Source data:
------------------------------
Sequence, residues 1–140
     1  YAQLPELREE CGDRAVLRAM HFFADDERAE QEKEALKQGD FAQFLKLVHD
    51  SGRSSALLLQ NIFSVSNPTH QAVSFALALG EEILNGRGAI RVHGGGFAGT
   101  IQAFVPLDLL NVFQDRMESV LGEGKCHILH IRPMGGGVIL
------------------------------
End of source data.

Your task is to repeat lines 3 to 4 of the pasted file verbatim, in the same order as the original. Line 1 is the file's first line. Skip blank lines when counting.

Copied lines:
    51  SGRSSALLLQ NIFSVSNPTH QAVSFALALG EEILNGRGAI RVHGGGFAGT
   101  IQAFVPLDLL NVFQDRMESV LGEGKCHILH IRPMGGGVIL